most undisguised

12 examples (0.03 sec)
  • "To me?" asked the Princess, and her beautiful face expressed the most undisguised astonishment. Cited from The Youth of the Great Elector, by L. Muhlbach
  • The most undisguised astonishment could be read in their faces. Cited from The South Pole, Vols 1 and 2, Roald Amundsen
  • They assumed an air of superiority, which the latter answered with the most undisguised contempt. Cited from The Atlantic Monthly, Vol. 1, No. 6, April, 1858, by Various
  • Concealment shall not always be the business of the simplest and most undisguised of all dispositions. Cited from Italian Letters, Vols. I and II,William Godwin
  • They still saw each other almost daily; they still shared most of each other's interests and pleasures; they still showed most undisguised delight in each other's presence. Cited from Saxe Holm's Stories, by Helen Hunt Jackson
  • And he sent every one away, except Raoul and the maid, who looked at Raoul with eyes of the most undisguised astonishment. Cited from The Phantom of the Opera, by Gaston Leroux
  • The court set the fashion of the most undisguised immorality, and its example was the more contagious, the more people imagined that they could only show their zeal for the new order of things by an extravagant way of thinking and living. Cited from Lectures on Dramatic Art, by A. W. Schlegel
  • For Margaret of Valois, hating her husband, and living in most undisguised and promiscuous infidelity to him, had profited by her mother's lessons. Cited from History United Netherlands, 1584 by Motley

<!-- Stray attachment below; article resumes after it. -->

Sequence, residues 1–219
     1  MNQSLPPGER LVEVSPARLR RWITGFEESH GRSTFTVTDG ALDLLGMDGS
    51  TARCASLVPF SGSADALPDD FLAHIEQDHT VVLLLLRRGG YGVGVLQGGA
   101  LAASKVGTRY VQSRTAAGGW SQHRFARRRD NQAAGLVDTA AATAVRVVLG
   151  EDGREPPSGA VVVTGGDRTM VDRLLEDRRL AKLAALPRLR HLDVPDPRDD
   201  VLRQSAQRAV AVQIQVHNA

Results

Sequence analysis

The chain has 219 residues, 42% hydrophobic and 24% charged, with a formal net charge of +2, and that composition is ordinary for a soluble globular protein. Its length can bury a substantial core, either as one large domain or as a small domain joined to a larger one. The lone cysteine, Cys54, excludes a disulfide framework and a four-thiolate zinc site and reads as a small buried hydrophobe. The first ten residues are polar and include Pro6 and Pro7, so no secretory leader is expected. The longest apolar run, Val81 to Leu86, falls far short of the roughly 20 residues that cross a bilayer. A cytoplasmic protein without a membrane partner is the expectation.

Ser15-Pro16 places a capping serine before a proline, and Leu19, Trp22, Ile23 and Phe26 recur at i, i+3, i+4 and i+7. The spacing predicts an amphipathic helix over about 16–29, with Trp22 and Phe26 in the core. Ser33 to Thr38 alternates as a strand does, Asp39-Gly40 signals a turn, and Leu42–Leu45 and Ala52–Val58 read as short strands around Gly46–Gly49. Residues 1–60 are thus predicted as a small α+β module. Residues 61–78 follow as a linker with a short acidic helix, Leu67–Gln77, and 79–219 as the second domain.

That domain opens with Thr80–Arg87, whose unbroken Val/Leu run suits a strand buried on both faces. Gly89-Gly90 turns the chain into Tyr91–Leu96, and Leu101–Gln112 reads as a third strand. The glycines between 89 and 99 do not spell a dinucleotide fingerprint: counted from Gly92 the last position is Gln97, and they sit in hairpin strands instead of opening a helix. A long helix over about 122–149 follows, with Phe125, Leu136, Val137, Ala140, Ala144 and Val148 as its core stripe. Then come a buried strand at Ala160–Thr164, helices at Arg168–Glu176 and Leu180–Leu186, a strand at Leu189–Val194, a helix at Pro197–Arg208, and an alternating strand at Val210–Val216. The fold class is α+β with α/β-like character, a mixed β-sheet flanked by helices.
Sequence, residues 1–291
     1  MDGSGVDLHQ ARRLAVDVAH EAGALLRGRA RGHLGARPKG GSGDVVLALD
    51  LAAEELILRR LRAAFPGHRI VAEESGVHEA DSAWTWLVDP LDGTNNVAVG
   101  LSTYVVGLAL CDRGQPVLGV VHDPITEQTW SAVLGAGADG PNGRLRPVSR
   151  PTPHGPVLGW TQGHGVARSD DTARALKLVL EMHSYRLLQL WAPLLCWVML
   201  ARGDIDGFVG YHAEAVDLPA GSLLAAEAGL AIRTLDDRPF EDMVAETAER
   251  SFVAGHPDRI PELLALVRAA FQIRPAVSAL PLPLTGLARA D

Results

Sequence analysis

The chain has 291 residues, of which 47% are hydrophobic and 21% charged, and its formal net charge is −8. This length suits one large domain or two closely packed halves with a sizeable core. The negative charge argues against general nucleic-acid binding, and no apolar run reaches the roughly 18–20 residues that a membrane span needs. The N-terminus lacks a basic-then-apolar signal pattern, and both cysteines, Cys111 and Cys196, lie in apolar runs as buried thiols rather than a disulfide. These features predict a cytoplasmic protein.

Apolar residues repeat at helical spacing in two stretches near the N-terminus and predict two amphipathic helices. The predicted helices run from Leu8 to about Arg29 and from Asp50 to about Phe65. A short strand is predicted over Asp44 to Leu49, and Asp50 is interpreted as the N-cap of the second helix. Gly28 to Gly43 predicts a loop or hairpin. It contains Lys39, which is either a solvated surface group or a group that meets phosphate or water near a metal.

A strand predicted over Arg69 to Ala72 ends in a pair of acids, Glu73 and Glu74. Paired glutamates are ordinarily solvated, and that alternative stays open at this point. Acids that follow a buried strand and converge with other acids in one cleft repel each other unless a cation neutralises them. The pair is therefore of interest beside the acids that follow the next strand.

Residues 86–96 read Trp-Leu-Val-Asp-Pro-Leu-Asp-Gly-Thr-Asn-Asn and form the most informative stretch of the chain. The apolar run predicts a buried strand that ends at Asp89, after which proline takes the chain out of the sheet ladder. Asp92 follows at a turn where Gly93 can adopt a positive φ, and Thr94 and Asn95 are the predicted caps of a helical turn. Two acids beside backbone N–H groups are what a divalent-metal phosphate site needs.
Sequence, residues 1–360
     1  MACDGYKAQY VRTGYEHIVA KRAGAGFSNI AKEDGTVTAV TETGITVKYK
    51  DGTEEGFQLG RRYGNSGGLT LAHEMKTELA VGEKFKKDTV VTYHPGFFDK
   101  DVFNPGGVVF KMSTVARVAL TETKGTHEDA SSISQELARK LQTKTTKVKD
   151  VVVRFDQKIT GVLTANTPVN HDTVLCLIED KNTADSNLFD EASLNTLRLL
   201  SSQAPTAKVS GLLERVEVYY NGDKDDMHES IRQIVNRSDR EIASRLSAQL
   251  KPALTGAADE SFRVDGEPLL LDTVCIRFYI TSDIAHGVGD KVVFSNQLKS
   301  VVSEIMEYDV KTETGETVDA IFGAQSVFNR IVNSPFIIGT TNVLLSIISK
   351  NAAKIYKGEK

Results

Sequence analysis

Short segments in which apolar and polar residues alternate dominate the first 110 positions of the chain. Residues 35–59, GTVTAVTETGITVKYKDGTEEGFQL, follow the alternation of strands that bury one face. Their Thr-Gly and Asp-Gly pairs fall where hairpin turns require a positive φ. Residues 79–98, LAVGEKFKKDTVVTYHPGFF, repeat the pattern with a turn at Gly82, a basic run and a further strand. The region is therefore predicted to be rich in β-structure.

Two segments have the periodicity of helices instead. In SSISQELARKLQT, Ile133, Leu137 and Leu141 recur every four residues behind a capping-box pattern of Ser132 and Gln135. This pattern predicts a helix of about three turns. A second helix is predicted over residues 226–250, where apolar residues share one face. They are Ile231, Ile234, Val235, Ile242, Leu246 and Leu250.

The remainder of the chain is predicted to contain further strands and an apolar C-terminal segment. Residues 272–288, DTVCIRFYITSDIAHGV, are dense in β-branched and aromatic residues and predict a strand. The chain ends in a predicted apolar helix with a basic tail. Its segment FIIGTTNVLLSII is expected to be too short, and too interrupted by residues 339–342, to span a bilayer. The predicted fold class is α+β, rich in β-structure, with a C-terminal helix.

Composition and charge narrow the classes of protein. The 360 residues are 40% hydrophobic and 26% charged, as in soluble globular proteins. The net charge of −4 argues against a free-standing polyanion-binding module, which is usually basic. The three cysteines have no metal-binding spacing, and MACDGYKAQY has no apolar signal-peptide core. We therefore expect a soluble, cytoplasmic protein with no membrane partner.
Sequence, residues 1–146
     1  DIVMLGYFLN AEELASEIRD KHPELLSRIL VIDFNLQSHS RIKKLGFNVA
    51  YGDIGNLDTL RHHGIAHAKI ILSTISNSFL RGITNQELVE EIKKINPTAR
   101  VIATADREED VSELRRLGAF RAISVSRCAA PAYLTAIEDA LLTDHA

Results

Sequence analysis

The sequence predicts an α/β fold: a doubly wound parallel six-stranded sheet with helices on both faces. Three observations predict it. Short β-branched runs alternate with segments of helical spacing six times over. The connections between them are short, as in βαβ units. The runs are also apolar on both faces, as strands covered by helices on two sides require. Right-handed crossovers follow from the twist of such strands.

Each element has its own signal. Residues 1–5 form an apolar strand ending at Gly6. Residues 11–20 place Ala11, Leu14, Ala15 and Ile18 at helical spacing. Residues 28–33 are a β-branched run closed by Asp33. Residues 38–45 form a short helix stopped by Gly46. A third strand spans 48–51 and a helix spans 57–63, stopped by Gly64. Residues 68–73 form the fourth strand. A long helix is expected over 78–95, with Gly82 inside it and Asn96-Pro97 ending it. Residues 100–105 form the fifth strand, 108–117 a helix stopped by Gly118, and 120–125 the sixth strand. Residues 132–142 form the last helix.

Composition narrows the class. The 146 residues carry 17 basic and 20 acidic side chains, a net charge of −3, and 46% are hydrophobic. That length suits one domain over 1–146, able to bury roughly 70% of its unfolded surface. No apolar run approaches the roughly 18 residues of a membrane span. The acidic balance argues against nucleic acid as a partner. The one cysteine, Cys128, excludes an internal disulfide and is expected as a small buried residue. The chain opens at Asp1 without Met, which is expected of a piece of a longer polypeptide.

• The Court set the fashion of the most undisguised immorality, and this example was the more extensively contagious, as people imagined that they showed their zeal for the new order of things by an extravagant way of thinking and living. Cited from The Palmy Days of Nance Oldfield, by Edward Robins
  • On this particular occasion the women drank tea to a most alarming extent; greatly to the horror of Mr. Weller, senior, who, utterly regardless of all Sam's admonitory nudgings, stared about him in every direction with the most undisguised astonishment. Cited from The Pickwick Papers, by Charles Dickens
  • Agnes listened, with a kind of delirious enchantment, to all her elevated and eloquent admirer uttered; and in return for his praises of her charms, and his equivocal replies in respect to his designs towards her, she gave to him her most undisguised thoughts, and her whole enraptured heart. Cited from Nature And Art, by Mrs. [Elizabeth] Inchbald
  • We had it in the wits and blockheads, the courtiers and the clowns, the opulent and the ruined, the brave and the pusillanimous -- and all under the strangest pressure of those feelings which rouse the nature of man to its most undisguised display. Cited from Blackwood's Edinburgh Magazine, No. 342, April 1844, Vol. 55